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Caporaso, J.G., Kuczynski, J., Stombaugh, J., Bittinger, K., Bushman, F.D., Costello, E.K., et al. (2010) QIIME Allows Analysis of High-Throughput Community Sequencing Data. Nature Methods, 7, 335-336. https://doi.org/10.1038/nmeth.f.303

has been cited by the following article:

  • TITLE: Diet-Induced Alteration of the Murine Intestinal Microbiome Following Antibiotic Ablation

    AUTHORS: Adam Irvin, Andrew Cockburn, Donald A. Primerano, Jim Denvir, Goran Boskovic, Aniello M. Infante, Gary D. Wu, Christopher F. Cuff

    KEYWORDS: Mouse, Intestinal Microbiome, Antibiotics, Diet, Lactococcus

    JOURNAL NAME: Advances in Microbiology, Vol.7 No.7, July 7, 2017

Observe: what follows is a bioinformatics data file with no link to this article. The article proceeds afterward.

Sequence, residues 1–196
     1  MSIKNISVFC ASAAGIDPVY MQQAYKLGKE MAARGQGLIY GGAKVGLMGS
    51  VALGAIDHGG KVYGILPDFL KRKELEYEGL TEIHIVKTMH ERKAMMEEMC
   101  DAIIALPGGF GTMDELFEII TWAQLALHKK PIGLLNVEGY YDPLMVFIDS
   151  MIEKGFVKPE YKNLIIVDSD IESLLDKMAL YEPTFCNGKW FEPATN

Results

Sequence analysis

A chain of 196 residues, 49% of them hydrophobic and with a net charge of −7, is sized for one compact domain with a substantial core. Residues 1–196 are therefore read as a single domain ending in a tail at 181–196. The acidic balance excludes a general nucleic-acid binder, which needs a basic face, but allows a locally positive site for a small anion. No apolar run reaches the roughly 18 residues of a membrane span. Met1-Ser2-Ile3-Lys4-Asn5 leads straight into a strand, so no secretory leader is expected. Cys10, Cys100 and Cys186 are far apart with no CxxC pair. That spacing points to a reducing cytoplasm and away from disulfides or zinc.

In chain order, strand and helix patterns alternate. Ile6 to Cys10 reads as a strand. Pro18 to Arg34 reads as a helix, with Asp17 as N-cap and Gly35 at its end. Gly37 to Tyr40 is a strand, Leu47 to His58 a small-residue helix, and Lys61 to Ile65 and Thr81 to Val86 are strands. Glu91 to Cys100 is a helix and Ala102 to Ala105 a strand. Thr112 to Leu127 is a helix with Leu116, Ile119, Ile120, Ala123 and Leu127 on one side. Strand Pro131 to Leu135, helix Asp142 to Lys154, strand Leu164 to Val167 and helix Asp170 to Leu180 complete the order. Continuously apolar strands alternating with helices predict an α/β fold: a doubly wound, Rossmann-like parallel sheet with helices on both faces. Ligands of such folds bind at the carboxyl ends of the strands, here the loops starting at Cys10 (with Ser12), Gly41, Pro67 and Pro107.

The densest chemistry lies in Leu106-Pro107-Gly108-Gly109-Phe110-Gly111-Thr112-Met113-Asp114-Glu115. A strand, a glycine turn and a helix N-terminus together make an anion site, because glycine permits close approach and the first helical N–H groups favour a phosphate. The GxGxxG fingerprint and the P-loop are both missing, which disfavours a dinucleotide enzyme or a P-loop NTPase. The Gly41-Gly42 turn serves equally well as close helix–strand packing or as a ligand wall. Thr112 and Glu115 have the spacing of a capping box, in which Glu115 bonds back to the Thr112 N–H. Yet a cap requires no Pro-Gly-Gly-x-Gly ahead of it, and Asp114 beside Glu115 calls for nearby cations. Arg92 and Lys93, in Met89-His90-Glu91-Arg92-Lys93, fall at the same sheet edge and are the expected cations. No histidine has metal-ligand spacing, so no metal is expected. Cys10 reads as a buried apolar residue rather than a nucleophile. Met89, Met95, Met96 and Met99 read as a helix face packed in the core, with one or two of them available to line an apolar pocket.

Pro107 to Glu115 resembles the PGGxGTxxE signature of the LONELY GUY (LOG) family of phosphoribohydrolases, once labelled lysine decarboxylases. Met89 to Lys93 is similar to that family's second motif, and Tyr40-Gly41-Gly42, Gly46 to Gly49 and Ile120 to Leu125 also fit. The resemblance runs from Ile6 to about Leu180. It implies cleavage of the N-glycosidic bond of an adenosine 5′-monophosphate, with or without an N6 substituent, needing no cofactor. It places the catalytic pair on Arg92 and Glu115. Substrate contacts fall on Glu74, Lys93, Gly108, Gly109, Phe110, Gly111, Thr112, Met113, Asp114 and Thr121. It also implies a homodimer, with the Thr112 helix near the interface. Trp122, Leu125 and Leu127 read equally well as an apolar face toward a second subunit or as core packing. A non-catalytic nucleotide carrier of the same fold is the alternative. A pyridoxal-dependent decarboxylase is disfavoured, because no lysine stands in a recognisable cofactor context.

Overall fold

ABSTRACT: Mouse models of antibiotic-induced ablation of the intestinal microbiome have been used to study the microbiome in health and disease. The fecal microbiomes of mice treated with broad-spectrum antibiotics while being fed different laboratory chows were analyzed by Gram stain, quantitative flow cytometry, bacterial cell culture, next generation sequencing of the V3 regions of the 16S ribosomal RNA (rRNA) gene, microscopy, and sequence analysis of the tuf gene. Noncultivatable gram-positive cocci and cultivatable yeast were the microorganisms most readily detected in feces of antibiotic-treated mice fed a defined diet that utilizes casein as a protein source, maltodextrin 10 and sucrose as sources of carbohydrates, and lard as the major source of fat. High-throughput sequencing of the variable regions of the 16S rRNA gene and tuf gene sequencing identified the major bacterial phylotype as Lactococcus. The mouse chow was heavily laden with noncultivatable Lactococcus, which dominated the intestinal flora after consumption. The microbiome of antibiotic-treated mice fed a grain-based diet (mainly wheat, corn and alfalfa) consisted predominantly of a member of the Enterobacteriaceae identified as Escherichia coli, and yeast was not detected by culture or Gram stain. Appearance of intestinal yeast by culture and Gram stain was dependent on the specific chow, although yeast was not detected by culture or Gram stain in the chow. We conclude that bacteria found in food sources can influence qualitative and quantitative assessments of the fecal microbiome, at least in the context of antibiotic therapy, and potentially confound molecular studies that assess the effects of diet on the intestinal ecology. Not surprisingly, different food sources can influence the microbiome, particularly in the context of antibiotic-mediated ablation of the intestinal microbiome. Whether and how the food-derived dead bacteria alter intestinal physiology needs to be determined.